How one family endures generations of depression

Lorelei Baldonado Aquino
How one family endures generations of depression
Zena Bernardo has clinical depression. But what makes her depression even more difficult is that it is something three whole generations of her family experience.

MANILA, Philippines– Zena Bernardo’s father, Mang Romy, was the ideal family man. He was a loving son to his parents, a supportive kuya to his 5 younger siblings, a dedicated husband, and a nurturing tatay to his children.

Mang Romy and his family were not financially well-off, but he and his wife made sure that their children would have a good childhood.

In 1985, when his business went bankrupt, his wife was forced to leave her family behind to work for a government hospital in the Middle East.

Mang Romy’s apparent feeling of inadequacy as the family’s provider, coupled with the sudden death of his friend Lean Alejandro in 1987 and his sneaking suspicion that Zena, his then-19-year-old bunso, was pregnant, had taken their toll on him.

On December 22, 1988, just 3 days before Christmas, Mang Romy committed suicide.

His family had always known that Mang Romy was suffering from depression. However, as he was his siblings’ constant “one-man support system,” they didn’t think that he would, one day, succumb to the same silent killer that was taking his brothers and sisters one by one. (READ: Is the Philippines ready to address mental health?)

Before his death, 3 of his other siblings who also had depression had likewise died of suicide. Less than two months after his death, another one followed suit. The lone surviving sibling has been on medication for more than 3 decades now. (READ: A cry for help: Mental illness, suicide cases rising among youth)

The second generation of Bernardos

When Zena and her two siblings were younger, their parents would try to shield them from the realities of depression. But whenever they would hear that a relative had committed suicide due to depression, or when their own father would break or throw things one minute then hole up in his room for days the next, it became increasingly difficult to ignore.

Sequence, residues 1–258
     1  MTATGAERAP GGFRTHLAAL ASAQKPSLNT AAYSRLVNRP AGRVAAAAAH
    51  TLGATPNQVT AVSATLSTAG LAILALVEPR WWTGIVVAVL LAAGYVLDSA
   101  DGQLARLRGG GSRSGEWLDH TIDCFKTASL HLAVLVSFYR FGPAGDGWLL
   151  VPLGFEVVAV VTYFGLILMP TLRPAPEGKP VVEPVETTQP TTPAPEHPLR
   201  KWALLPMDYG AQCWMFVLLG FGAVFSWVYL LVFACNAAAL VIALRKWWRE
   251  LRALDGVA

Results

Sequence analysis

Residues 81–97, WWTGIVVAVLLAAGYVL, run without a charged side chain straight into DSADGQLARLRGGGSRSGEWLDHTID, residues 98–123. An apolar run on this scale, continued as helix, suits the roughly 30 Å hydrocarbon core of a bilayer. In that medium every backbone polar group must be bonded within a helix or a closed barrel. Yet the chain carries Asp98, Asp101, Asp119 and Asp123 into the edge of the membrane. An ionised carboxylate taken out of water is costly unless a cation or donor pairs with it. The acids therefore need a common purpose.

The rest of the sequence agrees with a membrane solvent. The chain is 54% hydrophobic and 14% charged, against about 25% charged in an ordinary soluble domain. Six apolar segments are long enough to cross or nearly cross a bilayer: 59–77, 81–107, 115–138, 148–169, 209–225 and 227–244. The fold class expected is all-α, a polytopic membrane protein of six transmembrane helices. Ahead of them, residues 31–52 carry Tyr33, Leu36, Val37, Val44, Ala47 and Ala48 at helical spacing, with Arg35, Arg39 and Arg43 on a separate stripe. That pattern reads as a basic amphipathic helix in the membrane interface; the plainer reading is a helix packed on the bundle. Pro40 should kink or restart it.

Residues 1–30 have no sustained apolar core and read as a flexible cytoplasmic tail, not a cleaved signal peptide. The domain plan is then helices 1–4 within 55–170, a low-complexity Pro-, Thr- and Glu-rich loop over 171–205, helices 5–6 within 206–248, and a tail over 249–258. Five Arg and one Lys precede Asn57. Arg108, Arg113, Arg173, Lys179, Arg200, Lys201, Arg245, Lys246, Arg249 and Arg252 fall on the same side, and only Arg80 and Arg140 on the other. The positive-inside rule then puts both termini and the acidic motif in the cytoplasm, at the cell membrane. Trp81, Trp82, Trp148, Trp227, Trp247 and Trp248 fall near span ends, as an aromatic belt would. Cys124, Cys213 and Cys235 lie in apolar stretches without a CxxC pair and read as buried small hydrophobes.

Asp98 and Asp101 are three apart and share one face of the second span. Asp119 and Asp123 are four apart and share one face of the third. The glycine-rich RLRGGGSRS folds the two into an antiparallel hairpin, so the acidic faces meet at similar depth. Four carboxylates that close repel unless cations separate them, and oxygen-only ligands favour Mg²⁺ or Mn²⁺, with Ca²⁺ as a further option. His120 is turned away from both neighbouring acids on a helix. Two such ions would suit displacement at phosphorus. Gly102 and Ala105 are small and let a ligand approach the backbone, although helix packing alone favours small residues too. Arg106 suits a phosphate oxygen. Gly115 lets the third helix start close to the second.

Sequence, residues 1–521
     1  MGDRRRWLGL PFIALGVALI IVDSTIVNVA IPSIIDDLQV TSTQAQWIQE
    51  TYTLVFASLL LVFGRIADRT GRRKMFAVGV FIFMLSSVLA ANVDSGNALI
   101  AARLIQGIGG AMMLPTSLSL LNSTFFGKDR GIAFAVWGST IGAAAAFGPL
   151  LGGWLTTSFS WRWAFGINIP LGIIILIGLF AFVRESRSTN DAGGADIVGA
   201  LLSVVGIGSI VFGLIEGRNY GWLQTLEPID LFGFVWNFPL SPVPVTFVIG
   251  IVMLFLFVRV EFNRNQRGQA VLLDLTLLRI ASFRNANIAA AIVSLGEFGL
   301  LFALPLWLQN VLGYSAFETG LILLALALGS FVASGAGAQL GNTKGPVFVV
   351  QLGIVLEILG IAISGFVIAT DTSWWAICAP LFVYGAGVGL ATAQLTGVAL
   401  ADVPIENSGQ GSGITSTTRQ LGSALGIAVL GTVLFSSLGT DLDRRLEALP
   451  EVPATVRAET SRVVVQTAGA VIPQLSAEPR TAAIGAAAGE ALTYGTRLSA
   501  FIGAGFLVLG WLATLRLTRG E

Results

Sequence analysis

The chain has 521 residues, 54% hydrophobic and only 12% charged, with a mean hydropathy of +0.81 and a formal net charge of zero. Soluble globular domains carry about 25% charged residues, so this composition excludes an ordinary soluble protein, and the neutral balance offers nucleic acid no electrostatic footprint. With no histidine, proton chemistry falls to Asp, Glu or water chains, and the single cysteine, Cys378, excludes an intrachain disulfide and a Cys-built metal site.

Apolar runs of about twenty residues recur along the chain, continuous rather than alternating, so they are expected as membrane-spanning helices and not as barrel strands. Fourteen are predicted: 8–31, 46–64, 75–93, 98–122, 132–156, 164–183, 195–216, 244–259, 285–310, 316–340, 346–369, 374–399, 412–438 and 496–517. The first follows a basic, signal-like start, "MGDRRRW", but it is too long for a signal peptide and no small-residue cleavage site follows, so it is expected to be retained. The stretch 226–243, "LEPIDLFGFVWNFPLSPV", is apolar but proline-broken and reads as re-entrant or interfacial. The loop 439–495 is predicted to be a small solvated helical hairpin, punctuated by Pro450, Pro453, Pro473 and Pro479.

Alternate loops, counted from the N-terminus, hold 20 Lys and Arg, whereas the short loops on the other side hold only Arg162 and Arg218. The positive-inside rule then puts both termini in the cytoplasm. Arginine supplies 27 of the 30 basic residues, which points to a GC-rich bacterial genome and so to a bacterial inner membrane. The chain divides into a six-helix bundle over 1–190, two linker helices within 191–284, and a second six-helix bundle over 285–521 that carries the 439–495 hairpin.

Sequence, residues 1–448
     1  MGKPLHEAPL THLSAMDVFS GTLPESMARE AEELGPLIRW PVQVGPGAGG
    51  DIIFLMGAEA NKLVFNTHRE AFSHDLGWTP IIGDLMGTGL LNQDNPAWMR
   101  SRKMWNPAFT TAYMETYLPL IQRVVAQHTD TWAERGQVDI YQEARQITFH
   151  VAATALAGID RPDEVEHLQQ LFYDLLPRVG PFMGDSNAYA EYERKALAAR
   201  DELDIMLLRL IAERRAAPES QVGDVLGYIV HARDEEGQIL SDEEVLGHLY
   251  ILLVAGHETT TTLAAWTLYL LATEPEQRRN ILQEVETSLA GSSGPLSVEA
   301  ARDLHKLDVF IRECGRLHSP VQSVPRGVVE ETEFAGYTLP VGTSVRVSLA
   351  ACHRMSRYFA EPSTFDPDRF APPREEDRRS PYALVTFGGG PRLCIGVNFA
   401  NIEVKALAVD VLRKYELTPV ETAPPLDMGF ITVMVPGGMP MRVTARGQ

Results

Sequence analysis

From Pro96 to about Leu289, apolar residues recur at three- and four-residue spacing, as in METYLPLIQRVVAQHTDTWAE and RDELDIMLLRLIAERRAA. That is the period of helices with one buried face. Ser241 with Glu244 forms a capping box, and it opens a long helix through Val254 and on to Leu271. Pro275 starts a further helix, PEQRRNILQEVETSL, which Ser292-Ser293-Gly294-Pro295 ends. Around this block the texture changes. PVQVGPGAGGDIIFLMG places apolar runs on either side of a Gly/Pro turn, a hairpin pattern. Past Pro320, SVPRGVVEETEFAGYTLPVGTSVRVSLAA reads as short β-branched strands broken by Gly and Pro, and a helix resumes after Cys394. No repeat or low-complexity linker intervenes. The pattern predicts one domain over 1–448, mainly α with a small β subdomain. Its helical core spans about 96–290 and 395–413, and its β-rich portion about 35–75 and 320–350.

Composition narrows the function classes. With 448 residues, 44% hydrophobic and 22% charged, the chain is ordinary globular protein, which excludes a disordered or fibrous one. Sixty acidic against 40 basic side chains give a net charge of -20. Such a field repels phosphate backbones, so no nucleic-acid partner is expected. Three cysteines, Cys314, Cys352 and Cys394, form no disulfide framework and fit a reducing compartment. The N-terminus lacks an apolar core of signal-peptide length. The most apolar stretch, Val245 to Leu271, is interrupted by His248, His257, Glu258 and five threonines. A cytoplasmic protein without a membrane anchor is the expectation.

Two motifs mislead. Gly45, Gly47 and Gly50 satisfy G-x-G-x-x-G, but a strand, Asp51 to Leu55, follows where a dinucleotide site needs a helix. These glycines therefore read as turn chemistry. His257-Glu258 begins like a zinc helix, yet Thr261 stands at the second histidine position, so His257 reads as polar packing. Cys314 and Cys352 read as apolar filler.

Pretending that everything was normal became impossible.

When her mother left them to work abroad and her siblings became preoccupied with either studies or friends, Zena became her father’s constant companion and confidant. She heard about his frustrations, and bore witness to his episodes of depression. She became the family’s shock absorber. (READ: [OPINION] I’m an aspiring mental health professional, but sometimes I need help too)

She had many insecurities growing up. She later became a victim of bullying, sexual harassment, and physical abuse. She got pregnant at 19, and was blamed by everybody as the reason behind her father’s suicide. She was forced to drop out of college due to her delicate condition. Her marital life soon became problematic and toxic. Four children later, she decided to separate with her husband.

Through it all, she was silently suffering from and battling depression and bipolar disorder. To make matters worse, she felt that she had nowhere to turn to for help when she left her husband. Working overseas, Zena’s mother was not made aware of her condition, while her two siblings were also fighting the same illness that plagued the Bernardos. (READ: How does the PH fare in mental health care?)

She tried everything to single-handedly support her children. However, she realized that she could not get a decent-paying job without a college diploma. Once her two oldest kids were in high school, Zena saw an opportunity to go back to college and finish her education.